Wednesday 4 November 2015

T&W Quality Contract Refused

The Quality Contract Scheme (QCS) Board has published its report on the proposed Tyne and Wear QCS.

The report gives the board’s opinion that the scheme fails to meet the public interest criteria and concludes that:

  • Nexus failed to comply with the statutory requirements on consultation
  • the proposed scheme cannot demonstrate that it would increase use of bus services because its affordability is not demonstrated
  • service quality would improve
  • the proposed scheme would contribute to the implementation of the local transport policies
  • the proposed scheme does not provide value for money
  • the proposed scheme imposes disproportionate adverse effects on operators
The QCS Board, which is chaired by Traffic Commissioner for the North East of England, Kevin Rooney, was asked to examine the proposed quality contract scheme in October 2014.
The board held oral evidence hearings into the proposed scheme in July this year.
In a summary of the board’s opinion, the report notes:
This is the first time that the 15-year-old legislation supporting quality contract schemes has been put to the test. It seems to us, that the legislators probably had in mind that it would be tested in a rather smaller scale first.
By its very nature, everything that Nexus was trying to assess was a novel intervention. There was little, if any, truly relevant research for them to draw upon. It is the board’s view that they have done exceptionally well to get where they have got to today. It is always far easier to criticise, than to create.
In the voluntary partnership agreement, Nexus can be proud that it has led 3 bus companies to put forward a proposal that is in itself novel and groundbreaking, with the makings of potentially effective governance allowing local citizens real influence over their bus services.

It will be interesting to watch how those that have spent large sums of public money to support this scheme (in an area where passenger satisfaction is higher than anywhere else in the UK) now accept that buses are better left to those that have the skills to run them.
Already we are hearing misleading statements being churned out by those that should know better. Nick Forbes, leader of Newcastle City Council and transport lead for NECA, said: "Today is an exceptionally disappointing day for bus passengers.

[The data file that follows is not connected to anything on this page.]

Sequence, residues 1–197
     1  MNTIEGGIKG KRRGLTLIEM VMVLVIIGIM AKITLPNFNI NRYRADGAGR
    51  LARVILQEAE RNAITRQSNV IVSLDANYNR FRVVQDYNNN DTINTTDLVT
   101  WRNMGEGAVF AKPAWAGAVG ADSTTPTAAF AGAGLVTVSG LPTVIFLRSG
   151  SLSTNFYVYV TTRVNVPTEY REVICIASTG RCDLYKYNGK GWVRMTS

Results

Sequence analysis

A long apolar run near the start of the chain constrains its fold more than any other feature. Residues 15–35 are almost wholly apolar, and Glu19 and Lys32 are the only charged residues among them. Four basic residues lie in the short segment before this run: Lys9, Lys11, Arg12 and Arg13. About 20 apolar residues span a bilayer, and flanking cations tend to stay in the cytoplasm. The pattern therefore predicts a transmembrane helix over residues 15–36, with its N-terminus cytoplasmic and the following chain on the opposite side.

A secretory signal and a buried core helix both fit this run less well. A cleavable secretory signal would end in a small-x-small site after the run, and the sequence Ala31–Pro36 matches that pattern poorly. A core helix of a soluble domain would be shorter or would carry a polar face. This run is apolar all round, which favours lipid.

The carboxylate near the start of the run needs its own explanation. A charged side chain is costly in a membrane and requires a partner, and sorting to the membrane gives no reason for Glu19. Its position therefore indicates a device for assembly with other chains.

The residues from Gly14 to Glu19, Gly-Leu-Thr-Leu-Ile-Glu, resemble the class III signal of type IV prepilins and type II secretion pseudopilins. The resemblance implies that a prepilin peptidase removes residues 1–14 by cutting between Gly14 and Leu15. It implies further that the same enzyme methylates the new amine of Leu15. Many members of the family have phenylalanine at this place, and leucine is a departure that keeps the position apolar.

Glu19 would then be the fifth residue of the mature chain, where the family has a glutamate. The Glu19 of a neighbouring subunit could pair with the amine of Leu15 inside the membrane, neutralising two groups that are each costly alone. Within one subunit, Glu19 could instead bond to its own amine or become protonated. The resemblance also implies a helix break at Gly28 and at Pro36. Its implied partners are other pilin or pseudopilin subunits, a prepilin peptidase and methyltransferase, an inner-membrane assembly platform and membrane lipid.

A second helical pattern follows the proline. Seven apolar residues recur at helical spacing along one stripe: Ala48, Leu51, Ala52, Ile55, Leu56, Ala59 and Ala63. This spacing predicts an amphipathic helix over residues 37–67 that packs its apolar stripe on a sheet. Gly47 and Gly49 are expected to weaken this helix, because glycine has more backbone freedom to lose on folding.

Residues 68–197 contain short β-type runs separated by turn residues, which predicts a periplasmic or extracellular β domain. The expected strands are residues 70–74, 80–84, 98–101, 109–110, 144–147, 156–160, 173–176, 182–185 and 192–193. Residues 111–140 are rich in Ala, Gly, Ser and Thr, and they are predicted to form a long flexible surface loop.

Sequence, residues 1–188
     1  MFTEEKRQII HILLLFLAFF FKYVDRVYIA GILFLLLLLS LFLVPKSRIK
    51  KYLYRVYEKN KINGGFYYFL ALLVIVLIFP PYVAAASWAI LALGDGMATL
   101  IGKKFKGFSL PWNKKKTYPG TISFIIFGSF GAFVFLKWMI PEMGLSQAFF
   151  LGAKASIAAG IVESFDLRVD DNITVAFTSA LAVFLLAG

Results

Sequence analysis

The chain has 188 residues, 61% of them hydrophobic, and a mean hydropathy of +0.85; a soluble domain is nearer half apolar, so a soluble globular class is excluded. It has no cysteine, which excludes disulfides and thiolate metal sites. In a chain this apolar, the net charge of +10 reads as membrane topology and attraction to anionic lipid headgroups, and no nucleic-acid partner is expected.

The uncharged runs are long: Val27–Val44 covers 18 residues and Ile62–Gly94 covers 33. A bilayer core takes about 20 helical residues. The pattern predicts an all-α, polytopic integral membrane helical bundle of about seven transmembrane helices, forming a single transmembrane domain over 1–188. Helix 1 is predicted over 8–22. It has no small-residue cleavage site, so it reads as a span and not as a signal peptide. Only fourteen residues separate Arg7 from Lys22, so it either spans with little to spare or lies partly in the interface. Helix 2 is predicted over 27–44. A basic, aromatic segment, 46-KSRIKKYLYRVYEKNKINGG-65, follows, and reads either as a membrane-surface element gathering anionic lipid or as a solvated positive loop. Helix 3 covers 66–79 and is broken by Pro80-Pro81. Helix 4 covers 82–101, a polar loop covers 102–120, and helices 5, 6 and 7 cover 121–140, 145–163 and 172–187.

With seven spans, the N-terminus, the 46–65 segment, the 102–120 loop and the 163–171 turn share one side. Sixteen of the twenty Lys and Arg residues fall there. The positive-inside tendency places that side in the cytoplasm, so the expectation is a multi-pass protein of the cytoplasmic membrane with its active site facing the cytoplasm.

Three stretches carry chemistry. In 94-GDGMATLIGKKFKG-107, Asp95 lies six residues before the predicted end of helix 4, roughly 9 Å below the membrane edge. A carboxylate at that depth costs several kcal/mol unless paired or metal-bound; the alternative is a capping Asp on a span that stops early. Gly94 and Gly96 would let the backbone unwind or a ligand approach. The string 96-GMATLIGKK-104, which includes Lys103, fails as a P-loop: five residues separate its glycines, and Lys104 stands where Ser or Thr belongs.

"The proposals were put forward in the best interests of the travelling public." Has he not read what the QCS Board have said and that "the proposed scheme does not provide value for money". How can it be disappointing for bus passengers when "the scheme cannot demonstrate that it would increase use of bus services because its affordability is not demonstrated" 
What it proves is that it was doomed to failure from the start and that bus users are getting tremendous value for money from a service that takes very little from local taxes. The Tyne & Wear Metro blunders along, propped up by public money, what we don't want is that the buses are sucked into to the same pot with the attitude that "someone will pay for it" Those leading this scheme have admitted that it would soon run out of money.
What needs to happen now is that all parties sit down at the table and take up the offer of a soundly based Quality Partnership. The local bus companies possess all all the skills and knowledge to make the buses in Tyne & Wear even better than they are, providing that he councils and public bodies give buses the help they need to penetrate town and city traffic which is what the travelling public really want.
No more public money should be wasted on these hair-brained ideas. Maybe those responsible, should be investigated for trying to mislead the public and wasting public finances.

Newcastle councillor Greg Stone explains why the Tyne and Wear transport bid failed and what could happen next